Her motive for writing, she tells us, was to pass on the expertise she has acquired to us.

Early on in the book, Mary faces up to the fact that in the public imagination, editors are haughty, mysterious creatures who think they know best and always want to get their way.

"The image of the copy editor is of someone who favors a rigid consistency, a mean person who enjoys pointing out other people’s errors, a lowly person who is just starting out on her career in publishing and is eager to make an impression, or, at worst, a bitter, thwarted person who wanted to be a writer but got stuck dotting the i's and crossing the t's and otherwise advancing the careers of other writers."

She shatters that stereotype by example. Her tone is modest, her judgments provisional, her respect for the author's intention sincere. She describes her position, tongue slightly in cheek, as "anti-ultracrepidationalism." In simple language, she strives not to go beyond her province.

Yet the position she holds at the magazine has a force of its own.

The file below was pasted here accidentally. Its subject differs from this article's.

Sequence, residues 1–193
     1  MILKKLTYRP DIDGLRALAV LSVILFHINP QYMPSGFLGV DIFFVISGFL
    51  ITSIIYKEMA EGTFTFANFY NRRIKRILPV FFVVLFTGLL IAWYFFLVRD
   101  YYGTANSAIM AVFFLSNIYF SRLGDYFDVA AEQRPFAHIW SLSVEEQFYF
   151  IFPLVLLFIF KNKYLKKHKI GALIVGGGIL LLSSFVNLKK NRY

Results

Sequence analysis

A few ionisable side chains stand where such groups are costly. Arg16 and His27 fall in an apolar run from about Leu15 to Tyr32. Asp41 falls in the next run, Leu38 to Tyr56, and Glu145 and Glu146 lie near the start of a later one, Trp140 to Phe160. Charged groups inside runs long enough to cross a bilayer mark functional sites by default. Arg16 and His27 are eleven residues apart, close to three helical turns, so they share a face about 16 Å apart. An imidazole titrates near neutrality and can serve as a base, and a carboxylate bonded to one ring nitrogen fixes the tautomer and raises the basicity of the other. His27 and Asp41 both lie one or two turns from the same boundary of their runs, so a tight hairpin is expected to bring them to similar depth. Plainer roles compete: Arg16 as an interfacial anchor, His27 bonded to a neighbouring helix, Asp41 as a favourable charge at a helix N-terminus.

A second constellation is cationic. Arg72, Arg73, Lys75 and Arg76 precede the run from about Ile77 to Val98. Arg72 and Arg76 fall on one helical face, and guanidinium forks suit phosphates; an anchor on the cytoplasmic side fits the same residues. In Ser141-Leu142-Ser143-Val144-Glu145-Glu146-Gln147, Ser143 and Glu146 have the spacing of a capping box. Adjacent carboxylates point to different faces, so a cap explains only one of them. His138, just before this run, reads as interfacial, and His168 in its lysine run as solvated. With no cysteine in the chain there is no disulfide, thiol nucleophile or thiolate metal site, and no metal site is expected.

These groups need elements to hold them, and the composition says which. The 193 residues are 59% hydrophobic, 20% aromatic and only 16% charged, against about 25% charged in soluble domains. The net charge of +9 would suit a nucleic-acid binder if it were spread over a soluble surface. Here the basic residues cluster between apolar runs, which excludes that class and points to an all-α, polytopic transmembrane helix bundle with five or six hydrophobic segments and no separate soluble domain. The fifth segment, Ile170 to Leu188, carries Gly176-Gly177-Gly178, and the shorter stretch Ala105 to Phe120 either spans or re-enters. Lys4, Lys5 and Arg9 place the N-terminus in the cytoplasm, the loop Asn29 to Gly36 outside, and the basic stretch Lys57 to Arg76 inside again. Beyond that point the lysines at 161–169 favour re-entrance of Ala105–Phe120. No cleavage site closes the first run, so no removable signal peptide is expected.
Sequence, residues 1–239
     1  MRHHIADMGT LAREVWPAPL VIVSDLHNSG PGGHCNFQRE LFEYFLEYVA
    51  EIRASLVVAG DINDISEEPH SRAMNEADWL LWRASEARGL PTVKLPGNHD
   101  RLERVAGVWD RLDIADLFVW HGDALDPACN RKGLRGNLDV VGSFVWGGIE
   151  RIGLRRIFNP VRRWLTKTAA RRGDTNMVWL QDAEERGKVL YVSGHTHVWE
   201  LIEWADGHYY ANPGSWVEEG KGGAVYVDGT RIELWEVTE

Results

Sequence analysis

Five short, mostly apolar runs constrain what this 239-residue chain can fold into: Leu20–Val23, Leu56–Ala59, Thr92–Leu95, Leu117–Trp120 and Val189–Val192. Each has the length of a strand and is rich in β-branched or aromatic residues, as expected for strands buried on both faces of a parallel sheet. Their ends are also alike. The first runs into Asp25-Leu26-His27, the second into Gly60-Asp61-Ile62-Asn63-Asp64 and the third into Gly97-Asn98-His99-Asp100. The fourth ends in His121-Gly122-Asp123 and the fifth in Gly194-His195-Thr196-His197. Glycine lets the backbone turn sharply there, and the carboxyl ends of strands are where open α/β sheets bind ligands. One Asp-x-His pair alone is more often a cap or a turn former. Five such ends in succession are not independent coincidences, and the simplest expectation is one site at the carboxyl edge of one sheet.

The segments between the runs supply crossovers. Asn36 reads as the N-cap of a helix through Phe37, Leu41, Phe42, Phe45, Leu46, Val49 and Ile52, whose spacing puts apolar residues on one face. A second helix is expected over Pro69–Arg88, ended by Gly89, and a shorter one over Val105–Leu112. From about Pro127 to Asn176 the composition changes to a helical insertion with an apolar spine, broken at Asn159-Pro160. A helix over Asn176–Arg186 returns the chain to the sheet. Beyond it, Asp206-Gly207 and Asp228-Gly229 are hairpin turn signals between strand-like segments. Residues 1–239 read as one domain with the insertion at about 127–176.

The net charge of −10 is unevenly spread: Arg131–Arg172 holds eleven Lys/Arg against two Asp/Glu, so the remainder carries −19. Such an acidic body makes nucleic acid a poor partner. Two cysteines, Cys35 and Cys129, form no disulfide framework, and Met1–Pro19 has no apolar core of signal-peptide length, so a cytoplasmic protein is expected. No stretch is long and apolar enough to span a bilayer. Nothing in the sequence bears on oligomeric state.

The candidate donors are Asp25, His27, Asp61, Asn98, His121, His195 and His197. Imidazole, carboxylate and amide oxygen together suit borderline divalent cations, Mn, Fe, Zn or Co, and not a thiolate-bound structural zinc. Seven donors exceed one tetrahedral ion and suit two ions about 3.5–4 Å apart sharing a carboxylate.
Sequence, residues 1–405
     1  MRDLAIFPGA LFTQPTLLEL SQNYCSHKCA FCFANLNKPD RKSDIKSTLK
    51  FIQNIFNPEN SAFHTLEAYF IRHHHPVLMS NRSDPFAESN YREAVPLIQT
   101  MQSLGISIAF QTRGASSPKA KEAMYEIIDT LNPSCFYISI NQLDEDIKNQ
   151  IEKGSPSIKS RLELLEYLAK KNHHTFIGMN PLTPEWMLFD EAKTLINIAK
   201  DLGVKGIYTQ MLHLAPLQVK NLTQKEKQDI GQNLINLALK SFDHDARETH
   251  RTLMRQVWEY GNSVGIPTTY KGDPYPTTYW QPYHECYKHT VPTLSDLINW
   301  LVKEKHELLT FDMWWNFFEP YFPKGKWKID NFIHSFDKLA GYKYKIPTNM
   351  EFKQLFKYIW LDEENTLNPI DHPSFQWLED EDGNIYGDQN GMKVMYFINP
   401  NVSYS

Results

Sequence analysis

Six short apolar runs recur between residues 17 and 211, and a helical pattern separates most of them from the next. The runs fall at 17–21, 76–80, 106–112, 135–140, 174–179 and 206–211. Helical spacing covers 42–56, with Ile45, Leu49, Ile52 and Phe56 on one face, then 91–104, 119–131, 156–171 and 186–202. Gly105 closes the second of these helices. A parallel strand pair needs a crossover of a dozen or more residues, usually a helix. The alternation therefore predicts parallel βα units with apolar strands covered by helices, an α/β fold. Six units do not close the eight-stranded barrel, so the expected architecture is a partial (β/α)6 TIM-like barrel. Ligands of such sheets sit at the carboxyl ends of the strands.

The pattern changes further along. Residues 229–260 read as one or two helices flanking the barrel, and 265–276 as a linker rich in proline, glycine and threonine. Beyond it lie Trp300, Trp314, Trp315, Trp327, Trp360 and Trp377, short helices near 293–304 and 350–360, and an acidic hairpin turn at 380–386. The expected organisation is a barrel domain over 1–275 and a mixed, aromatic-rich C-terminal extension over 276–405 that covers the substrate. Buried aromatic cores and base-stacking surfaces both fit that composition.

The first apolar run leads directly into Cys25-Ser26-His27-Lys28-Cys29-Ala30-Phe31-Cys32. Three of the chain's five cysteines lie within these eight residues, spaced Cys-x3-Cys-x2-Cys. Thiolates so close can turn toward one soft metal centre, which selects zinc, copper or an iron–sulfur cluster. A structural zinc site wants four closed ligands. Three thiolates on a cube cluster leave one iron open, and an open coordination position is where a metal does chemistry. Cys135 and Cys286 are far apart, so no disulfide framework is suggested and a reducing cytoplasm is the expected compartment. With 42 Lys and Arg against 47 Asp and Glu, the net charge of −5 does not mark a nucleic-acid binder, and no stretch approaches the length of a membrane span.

"I always forget that, in the popular imagination, the copy editor is a bit of a witch, and it surprises me when someone is afraid of me. Not long ago, a young editorial assistant getting her first tour of the New Yorker offices paused at my door to be introduced, and when she heard I was a copy editor she jumped back, as if I might poke her with a red-hot hyphen or force-feed her a pound of commas."

This passage may be taken as a typical example of Norris's writing style: breezy, chirpy, and occasionally  daring in its use of analogies drawn from daily life,  but also prone to minor solecisms. 

The phrase "I always forget...", for example, is a little off. If you are always in the process of forgetting something, then you aren't forgetting it at all—you simply have no recollection of it. "I often forget" or "I sometimes forget" or "I tend to forget" would have been better.

Then again, in the last sentence of the paragraph,  "as if I might poke her with a red-hot hyphen" is brilliant, at least to my mind, and corresponds perfectly with the "jumping back" she describes, while the second simile is hard to visualize and dulls the force of its predecessor.